From the Reichstag, it’s a short walk to the monumental Brandenberg Gate and the wide Avenue, Unter der Linden, which leads from it, along which Napoleon marched with his troops a century or so before the Allied armies who liberated Berlin at the end of WW2. The bunker where Hitler committed suicide is somewhere close by too.
The Jewish holocaust memorial is a particularly chilling place. The museum is underground with photos and stories telling of the systematic, programmed way the Nazis went about rounding up millions of Jews, Roma and Sinti (gypsies) and killing them in the streets and concentration camps. Above this is a massive space filled with grey coffin-like concrete boxes stretching almost as far as you can see. You can walk between them on narrow paths and get completely lost within. It’s an extremely solemn and moving memorial.
The big Deutsches History Museum was full of information and objects from medieval times through to WW1 and WW2. Germany has certainly had more than its share of battles, uprisings and attempts at domination over the centuries. Heavy stuff, but interesting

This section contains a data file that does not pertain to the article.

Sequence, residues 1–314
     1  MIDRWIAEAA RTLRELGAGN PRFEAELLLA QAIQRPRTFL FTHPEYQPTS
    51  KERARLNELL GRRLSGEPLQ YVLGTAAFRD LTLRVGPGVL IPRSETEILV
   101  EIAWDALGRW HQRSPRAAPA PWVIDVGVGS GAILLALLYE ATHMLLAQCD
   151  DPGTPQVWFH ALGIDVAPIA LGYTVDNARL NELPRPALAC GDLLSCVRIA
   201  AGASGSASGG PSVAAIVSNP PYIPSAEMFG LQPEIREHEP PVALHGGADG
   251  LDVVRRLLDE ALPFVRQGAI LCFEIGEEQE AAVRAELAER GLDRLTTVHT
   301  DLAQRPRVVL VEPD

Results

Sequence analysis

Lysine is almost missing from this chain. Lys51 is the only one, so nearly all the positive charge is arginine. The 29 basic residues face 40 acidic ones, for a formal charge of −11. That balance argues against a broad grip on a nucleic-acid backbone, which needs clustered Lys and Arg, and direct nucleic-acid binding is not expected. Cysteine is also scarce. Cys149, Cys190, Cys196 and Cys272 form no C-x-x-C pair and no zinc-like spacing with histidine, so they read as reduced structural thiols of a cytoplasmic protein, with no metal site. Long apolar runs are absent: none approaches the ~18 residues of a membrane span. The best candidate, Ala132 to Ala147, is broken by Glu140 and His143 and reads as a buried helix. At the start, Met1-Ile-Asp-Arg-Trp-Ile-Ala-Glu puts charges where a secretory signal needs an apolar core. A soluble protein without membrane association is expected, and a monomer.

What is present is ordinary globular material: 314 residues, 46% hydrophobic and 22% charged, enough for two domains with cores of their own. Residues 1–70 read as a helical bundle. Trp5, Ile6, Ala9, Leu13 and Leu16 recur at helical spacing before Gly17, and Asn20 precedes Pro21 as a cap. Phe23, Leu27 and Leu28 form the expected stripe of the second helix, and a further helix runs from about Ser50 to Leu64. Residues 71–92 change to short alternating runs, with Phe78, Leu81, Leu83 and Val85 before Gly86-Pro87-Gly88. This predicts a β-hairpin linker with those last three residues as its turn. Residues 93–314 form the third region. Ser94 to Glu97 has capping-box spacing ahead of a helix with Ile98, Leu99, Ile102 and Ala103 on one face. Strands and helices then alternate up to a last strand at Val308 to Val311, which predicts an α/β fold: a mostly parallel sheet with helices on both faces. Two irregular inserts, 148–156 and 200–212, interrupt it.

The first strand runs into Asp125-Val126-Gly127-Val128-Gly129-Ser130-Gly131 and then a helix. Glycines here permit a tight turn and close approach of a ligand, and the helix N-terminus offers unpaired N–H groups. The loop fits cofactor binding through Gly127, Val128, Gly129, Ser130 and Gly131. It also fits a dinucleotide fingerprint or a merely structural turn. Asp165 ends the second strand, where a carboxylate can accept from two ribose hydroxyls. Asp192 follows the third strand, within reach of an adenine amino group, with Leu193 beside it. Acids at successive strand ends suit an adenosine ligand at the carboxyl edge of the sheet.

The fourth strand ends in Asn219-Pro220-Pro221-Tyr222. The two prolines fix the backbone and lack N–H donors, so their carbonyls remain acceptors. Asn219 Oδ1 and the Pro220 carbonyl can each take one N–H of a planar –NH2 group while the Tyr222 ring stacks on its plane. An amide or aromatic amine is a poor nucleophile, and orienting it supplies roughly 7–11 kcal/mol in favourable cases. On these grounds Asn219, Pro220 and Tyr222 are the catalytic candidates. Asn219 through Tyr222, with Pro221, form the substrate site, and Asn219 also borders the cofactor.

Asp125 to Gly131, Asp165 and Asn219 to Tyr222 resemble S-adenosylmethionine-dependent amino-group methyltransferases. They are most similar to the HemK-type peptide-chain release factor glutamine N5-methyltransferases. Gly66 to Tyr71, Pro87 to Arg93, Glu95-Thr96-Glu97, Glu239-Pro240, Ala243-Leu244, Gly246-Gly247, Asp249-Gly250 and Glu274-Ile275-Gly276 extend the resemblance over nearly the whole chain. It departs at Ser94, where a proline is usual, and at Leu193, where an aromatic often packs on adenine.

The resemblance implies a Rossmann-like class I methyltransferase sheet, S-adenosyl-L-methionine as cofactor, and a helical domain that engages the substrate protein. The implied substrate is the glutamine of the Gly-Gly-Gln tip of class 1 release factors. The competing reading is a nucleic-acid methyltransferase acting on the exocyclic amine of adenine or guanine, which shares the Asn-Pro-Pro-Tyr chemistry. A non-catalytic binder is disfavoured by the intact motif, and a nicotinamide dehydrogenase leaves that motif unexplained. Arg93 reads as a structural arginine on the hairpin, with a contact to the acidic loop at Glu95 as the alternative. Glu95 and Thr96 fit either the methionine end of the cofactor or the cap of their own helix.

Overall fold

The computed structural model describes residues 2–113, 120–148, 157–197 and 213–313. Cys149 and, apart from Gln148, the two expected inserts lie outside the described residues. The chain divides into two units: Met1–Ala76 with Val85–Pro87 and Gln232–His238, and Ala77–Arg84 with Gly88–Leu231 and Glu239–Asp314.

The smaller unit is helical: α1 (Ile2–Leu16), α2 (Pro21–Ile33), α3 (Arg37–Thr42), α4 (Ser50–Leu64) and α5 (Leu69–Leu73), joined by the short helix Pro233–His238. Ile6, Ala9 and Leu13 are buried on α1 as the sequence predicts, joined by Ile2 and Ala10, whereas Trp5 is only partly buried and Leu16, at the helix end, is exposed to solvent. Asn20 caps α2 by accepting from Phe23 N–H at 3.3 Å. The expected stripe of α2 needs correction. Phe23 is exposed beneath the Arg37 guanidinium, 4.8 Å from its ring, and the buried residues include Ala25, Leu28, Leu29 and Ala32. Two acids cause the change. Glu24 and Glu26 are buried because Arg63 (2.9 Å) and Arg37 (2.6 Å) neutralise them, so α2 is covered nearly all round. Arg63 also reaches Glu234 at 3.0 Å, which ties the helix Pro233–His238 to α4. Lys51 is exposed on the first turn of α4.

The Cathedral is much like every other big European cathedral inside, but outside looks more like a mosque. It’s all domes, not spires and steeples. But the saints and angels all around are a Christian giveaway.
I know everything would lookand feel better in the spring time. At present the trees are bare, the roads are wet and it’s very cold. The 5 euro fur coat I found in the op shop is getting lots of use. We’re going out somewhere every day, even if only to explore other districts like Pankow or Prenzlauerberg…. and we’re always coming upon interesting sights We just stumbled upon the big old brewery complex that’s now been turned into a cultural arts Centre. It looked a bit bleak in the wintry weather, but it would be full of life in summer, with several theatres, restaurants, bars, cinema and shops. Also one of the ‘Day in the Life’ type East German museums